The Costa Rica News (TCRN) – The Central Bank of Costa Rica (BCCR) announced today that on Monday it intervened in the currency market by selling $31.6 million in order to avoid an abrupt rise in the exchange rate.

The BCCR said today in a statement that they intervened in the market due to “an upward fluctuation in the exchange rate that the central bank was violent.”

“The BCCR maintain its policy of intervening in the foreign exchange market when violent fluctuations are present, but not to entirely eliminate volatility. That volatility can be either upward or downward,” said the bank.

The reference exchange rate of the dollar closed Monday at 546.28 colones, 1.08% increase from 540.45 colones the previous day.

Costa Rica uses a system of checks that has a ceiling of 820 colones, which allows the central bank to intervene if it considers that the variations too strong.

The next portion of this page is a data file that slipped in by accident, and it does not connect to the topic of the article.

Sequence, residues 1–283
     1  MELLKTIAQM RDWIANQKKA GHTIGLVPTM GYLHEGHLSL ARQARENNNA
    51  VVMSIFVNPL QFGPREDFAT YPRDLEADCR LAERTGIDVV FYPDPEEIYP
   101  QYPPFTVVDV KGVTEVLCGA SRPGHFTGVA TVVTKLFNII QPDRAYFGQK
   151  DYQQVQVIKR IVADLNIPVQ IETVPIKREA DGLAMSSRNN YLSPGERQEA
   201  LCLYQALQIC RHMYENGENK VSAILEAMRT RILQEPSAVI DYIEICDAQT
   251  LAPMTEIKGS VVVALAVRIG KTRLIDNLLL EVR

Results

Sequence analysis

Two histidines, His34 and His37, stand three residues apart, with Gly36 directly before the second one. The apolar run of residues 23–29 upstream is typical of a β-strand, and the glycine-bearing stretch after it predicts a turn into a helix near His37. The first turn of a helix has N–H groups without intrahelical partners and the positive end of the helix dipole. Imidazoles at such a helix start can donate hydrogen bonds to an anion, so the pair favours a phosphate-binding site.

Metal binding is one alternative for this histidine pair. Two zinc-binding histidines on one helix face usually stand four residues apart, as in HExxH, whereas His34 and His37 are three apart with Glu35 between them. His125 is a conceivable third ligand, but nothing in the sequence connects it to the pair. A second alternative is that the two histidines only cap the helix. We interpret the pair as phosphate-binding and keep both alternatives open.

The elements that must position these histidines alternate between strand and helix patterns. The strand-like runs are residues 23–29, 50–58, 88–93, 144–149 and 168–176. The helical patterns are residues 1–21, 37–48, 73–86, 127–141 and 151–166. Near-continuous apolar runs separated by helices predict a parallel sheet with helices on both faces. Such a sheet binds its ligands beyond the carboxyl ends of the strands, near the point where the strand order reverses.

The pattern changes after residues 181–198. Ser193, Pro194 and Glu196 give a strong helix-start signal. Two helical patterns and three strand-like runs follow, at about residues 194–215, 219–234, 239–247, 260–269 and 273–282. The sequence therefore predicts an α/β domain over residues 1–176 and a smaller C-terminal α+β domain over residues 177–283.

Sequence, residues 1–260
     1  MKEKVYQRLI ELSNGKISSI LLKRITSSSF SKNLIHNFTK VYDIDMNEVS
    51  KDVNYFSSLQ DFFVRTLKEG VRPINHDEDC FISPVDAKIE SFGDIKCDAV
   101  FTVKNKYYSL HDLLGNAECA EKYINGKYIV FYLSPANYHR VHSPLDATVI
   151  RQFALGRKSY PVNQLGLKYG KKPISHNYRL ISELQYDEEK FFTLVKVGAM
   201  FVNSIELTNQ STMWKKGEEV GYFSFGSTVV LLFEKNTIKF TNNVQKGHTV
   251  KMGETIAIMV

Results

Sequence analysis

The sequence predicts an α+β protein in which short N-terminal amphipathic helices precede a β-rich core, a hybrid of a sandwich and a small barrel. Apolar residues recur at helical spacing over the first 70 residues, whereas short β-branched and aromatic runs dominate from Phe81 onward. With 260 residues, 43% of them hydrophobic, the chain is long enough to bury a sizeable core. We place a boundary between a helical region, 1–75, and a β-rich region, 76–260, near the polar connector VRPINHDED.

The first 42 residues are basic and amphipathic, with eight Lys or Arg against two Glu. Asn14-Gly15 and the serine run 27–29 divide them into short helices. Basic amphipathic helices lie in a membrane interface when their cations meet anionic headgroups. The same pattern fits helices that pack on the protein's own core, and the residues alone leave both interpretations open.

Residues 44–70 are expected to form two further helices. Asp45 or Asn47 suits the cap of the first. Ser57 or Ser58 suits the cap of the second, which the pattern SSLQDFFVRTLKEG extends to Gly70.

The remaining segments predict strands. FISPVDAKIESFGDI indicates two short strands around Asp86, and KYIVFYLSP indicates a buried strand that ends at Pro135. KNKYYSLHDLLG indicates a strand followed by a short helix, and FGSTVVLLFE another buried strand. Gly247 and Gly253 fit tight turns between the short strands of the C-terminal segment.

The BCCR recommends that the public and businesses should act with prudence and good advice before making important decisions related to the exchange rate.

“The fact that the exchange rate has been climbing is no guarantee that it will continue in that direction. That depends on the behavior of the supply and demand for dollars in the market,” they added.

So far 2014 Costa Rica has experienced an upward trend in the dollar. On January 1 the selling price was 507.80 colones and now stands at 546.28, which is a variation of 7.57%.

Political analysts have attributed this rise to internal factors such as the presidential elections and purchases of state institutions, and external situations and policies of the U.S. Federal Reserve. (ACAN-EFE)

The Costa Rica News (TCRN)

San Jose, Costa Rica